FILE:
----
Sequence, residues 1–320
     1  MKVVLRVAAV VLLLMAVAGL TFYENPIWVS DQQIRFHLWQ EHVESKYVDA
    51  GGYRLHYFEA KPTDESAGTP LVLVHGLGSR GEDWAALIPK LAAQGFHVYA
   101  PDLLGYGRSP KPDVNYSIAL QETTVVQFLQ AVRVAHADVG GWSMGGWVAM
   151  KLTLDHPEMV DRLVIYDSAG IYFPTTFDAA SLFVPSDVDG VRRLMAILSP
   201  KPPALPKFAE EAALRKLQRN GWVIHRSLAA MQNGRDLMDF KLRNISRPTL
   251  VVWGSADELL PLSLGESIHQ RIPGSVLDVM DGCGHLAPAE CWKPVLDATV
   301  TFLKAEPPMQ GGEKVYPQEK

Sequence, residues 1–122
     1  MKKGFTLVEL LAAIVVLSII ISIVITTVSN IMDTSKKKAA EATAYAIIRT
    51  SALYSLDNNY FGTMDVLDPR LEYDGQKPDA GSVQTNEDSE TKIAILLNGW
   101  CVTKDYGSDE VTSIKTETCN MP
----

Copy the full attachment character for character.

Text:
Sequence, residues 1–320
     1  MKVVLRVAAV VLLLMAVAGL TFYENPIWVS DQQIRFHLWQ EHVESKYVDA
    51  GGYRLHYFEA KPTDESAGTP LVLVHGLGSR GEDWAALIPK LAAQGFHVYA
   101  PDLLGYGRSP KPDVNYSIAL QETTVVQFLQ AVRVAHADVG GWSMGGWVAM
   151  KLTLDHPEMV DRLVIYDSAG IYFPTTFDAA SLFVPSDVDG VRRLMAILSP
   201  KPPALPKFAE EAALRKLQRN GWVIHRSLAA MQNGRDLMDF KLRNISRPTL
   251  VVWGSADELL PLSLGESIHQ RIPGSVLDVM DGCGHLAPAE CWKPVLDATV
   301  TFLKAEPPMQ GGEKVYPQEK

Sequence, residues 1–122
     1  MKKGFTLVEL LAAIVVLSII ISIVITTVSN IMDTSKKKAA EATAYAIIRT
    51  SALYSLDNNY FGTMDVLDPR LEYDGQKPDA GSVQTNEDSE TKIAILLNGW
   101  CVTKDYGSDE VTSIKTETCN MP